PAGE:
Historian and broadcaster Professor Mary Beard contends that instead of tearing down memorials to controversial figures, “more important is to look history in the eye and reflect on our awkward relationship to it…not to simply photoshop the nasty bits out.” [Ref: Times Literary Supplement] In a similar vein, some are cautious about the idea of subjecting historical figures to modern standards of moral judgement [Ref: Guardian], and question what good removing a statue of Rhodes will do in a practical sense, as: “Rhodes cannot be expunged from the history of Oxford, Britain and South Africa.” [Ref: Guardian] Opponents of campaigns such as Rhodes Must Fall are critical of attempts to infantilise students and the public by claiming that statues of historical figures in some way have an impact on social issues today. One commentator argues that: “Campaigners are deluding themselves if they think that removing a flag or statue will make any difference to inequalities of race, class or gender” [Ref: The Conversation], and suggests that rather than insisting that statues should come down, they need to engage in the politics needed to bring about real change. Furthermore, for these critics the act of understanding history relies on recognising how the past informs the present, and not editing out parts we don’t like. Which in turn means that the individuals and events of the past are legitimate parts of the narrative and fabric of history. Allowing these monuments to stand isn’t to legitimate the views of 19th century slave holders or imperialists or Confederate Generals, but rather, it is part of the “challenge of history” to debate the moral questions the monuments may present, and confront them head-on [Ref: New York Times]. Additionally, the problem with attempting to eradicate problematic aspects of history, critics argue, is that campaigns such as Rhodes Must Fall are emblematic of a wider contemporary fixation with pathologising the past [Ref: spiked], with writer Brendan O’Neill maintaining that: “What is most notable about Rhodes Must Fall is its treatment of history as a source of psychological trauma.” [Ref: spiked] In light of the arguments on both sides, should monuments of controversial historical figures be removed, or does this do a disservice to history, and make us victims of history rather than subjects who can understand and engage with it?
It is crucial for debaters to have read the articles in this section, which provide essential information and arguments for and against the debate motion. Students will be expected to have additional evidence and examples derived from independent research, but they can expect to be criticised if they lack a basic familiarity with the issues raised in the essential reading.
Evil Resident: Adolf Hitler’s Birth House Haunts Austrian Town
New Delhi Television 29 April 2015
Why is Cecil Rhodes such a controversial figure?
BBC News 1 April 2015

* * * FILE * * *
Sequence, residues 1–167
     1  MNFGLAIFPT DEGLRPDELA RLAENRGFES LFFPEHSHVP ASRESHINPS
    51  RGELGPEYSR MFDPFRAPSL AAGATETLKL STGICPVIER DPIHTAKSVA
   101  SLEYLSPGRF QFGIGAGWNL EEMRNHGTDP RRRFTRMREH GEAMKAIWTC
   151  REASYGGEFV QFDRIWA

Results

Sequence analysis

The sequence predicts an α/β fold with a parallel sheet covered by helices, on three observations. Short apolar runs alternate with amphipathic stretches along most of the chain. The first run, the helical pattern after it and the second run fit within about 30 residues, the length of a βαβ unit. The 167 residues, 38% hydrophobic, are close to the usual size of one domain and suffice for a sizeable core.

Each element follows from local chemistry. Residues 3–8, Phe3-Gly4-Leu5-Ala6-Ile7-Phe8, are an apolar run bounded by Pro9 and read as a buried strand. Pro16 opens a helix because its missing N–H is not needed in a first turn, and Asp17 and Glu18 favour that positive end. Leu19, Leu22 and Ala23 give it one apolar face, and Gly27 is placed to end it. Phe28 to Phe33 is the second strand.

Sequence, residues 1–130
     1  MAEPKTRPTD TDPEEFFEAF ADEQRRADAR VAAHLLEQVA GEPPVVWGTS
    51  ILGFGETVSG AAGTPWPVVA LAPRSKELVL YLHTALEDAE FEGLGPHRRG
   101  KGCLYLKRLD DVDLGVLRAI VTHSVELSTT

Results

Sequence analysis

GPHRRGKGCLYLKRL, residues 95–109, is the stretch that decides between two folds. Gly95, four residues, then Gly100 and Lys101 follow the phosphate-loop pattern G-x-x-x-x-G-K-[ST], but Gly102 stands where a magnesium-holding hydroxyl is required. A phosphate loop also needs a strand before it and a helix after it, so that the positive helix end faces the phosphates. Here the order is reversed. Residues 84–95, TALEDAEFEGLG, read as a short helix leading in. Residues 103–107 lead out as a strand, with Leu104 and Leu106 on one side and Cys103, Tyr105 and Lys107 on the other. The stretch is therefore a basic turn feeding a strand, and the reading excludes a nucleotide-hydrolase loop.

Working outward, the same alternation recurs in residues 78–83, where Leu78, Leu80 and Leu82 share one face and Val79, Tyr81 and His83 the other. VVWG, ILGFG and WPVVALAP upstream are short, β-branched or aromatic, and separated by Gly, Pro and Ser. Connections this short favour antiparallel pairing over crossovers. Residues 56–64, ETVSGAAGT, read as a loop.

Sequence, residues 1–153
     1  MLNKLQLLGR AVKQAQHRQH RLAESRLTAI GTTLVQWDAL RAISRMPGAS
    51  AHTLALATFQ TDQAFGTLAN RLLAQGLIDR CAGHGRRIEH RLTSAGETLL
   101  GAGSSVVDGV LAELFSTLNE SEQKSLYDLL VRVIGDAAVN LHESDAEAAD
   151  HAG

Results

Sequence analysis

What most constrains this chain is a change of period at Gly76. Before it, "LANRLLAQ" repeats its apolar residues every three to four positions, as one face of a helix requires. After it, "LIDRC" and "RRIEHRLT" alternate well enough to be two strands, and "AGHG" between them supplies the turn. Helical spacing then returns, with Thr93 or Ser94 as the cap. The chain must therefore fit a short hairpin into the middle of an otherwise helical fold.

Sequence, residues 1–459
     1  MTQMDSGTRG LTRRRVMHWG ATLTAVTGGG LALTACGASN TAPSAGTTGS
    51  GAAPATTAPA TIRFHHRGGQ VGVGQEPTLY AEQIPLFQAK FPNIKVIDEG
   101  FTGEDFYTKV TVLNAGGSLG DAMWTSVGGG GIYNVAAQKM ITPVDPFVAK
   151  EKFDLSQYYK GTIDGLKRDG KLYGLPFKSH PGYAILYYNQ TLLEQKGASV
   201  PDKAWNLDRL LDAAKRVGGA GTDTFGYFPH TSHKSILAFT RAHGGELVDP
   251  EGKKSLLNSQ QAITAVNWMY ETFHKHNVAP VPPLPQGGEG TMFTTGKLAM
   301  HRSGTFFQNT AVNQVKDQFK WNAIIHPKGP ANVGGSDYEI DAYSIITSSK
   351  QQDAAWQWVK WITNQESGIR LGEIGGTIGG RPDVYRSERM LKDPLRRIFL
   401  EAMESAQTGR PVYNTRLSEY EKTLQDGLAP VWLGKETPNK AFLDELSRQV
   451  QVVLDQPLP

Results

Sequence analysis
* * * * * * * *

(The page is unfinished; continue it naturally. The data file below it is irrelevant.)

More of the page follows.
The trouble with people who lived in the past
David Mitchell Guardian 16 March 2016
Must Rhodes fall?
Matthew D’Ancona New York Times 28 January 2016
Racism at Oxford goes deeper than a statue of Cecil Rhodes
Dena Latif Guardian 4 January 2016
Cecil Rhodes and Oriel College, Oxford
Professor Mary Beard Times Education Supplement 20 December 2015
Why Hitler’s house should be destroyed
Jamie Aspden Redbrick 16 November 2016
Removing Confederate monuments in New Orleans is the right thing to do
Stephanie Grace The Advocate 21 March 2016
Oxford’s Cecil Rhodes statue must fall – it stands in the way of inclusivity
Yussef Robinson Guardian 19 January 2016
Removing racist symbols isn’t a denial of history
Christopher Phelps Chronicle of Higher Education 8 January 2016
The University of Cape Town is right to remove its Cecil Rhodes statue
David Priestland Guardian 13 April 2015
Amia Srinivasan London Review of Books 31 March 2016
The real meaning of Rhodes must fall
Amit Chaudhuri Guardian 16 March 2016
Hitler’s old house gives Austria a headache
Bethany Bell BBC News 29 December 2014
Definitions of key concepts that are crucial for understanding the topic. Students should be familiar with these terms and the different ways in which they are used and interpreted and should be prepared to explain their significance.
American Civil War
Confederate States of America
Rhodes must fall
Useful websites and materials that provide a good starting point for research.
Why the Austrian government’s plan to demolish Hitler’s birth house is contentious
Luke Fiederer Archdaily 1 November 2016
The terrible problem of Hitler’s earliest home
Jessie Guy-Ryan Atlas Obscura 10 April 2016
Cecil Rhodes colonial legacy must fall – not his statue
Siya Mnyanda Guardian 25 March 2016
Not all racist monuments should be torn down
Zachary Fine New Republic 10 March 2016
Rhodes hasn’t fallen, but the protesters are making me re-think Britain’s past
Timothy Garton Ash Guardian 4 March 2016
New Orleans says goodbye to its Confederate status
Economist 4 February 2016
Students who say Rhodes must fall should be celebrated – not sneered at
Dan Hodges Telegraph 4 February 2016
History is not a morality play: both sides of the Rhodes must fall debate should remember that
Cheryl Hudson The Conversation 30 January 2016
Finally! Oriel College should have stood up to Rhodes Must Fall long ago
Harry Mount Telegraph 29 January 2016
Will Rhodes must fall fail?
BBC News 18 January 2016
Defending Robert E. Lee
Barry D. Wood Huffington Post 11 January 2016
A short history of statue toppling
Martin Gayford Spectator 9 January 2016
Topple the Cecil Rhodes statue? Better to re-brand him a war criminal
David Olusoga Guardian 7 January 2016
Never mind Rhodes – it’s the cult of the victim that must fall
Brendan O’Neill spiked 28 December 2015
The statue of Cecil Rhodes like that of Saddam, must fall
Chi Chi Shi The Times 26 December 2015
Message to students: Rhodes was no racist
Nigel Biggar The Times 22 December 2015
Cecil Rhodes was racist, but you can’t readily expunge him from history
Will Hutton Guardian 20 December 2015
Confederate monuments will come down in New Orleans
Kevin M. Levin Atlantic 17 December 2015
Don’t tear down Confederate monuments – do this instead
Jack Hitt Reuters 23 July 2015
Why we shouldn’t pull down all those Confederate memorials
Alfred L. Brophy Newsweek 10 July 2015
Links to organisations, campaign groups and official bodies who are referenced within the Topic Guide or which will be of use in providing additional research information.